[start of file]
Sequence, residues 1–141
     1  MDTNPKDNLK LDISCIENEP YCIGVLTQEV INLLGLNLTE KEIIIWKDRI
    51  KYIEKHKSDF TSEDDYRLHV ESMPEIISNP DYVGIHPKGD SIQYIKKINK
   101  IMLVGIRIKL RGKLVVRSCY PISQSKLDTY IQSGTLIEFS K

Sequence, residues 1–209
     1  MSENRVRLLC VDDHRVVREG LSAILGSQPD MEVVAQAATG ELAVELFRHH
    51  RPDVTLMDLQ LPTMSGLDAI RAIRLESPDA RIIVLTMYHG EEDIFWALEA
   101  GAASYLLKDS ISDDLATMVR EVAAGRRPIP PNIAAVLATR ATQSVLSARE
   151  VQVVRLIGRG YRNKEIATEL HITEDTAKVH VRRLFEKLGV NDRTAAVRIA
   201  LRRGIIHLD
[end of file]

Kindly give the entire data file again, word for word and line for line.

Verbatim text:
Sequence, residues 1–141
     1  MDTNPKDNLK LDISCIENEP YCIGVLTQEV INLLGLNLTE KEIIIWKDRI
    51  KYIEKHKSDF TSEDDYRLHV ESMPEIISNP DYVGIHPKGD SIQYIKKINK
   101  IMLVGIRIKL RGKLVVRSCY PISQSKLDTY IQSGTLIEFS K

Sequence, residues 1–209
     1  MSENRVRLLC VDDHRVVREG LSAILGSQPD MEVVAQAATG ELAVELFRHH
    51  RPDVTLMDLQ LPTMSGLDAI RAIRLESPDA RIIVLTMYHG EEDIFWALEA
   101  GAASYLLKDS ISDDLATMVR EVAAGRRPIP PNIAAVLATR ATQSVLSARE
   151  VQVVRLIGRG YRNKEIATEL HITEDTAKVH VRRLFEKLGV NDRTAAVRIA
   201  LRRGIIHLD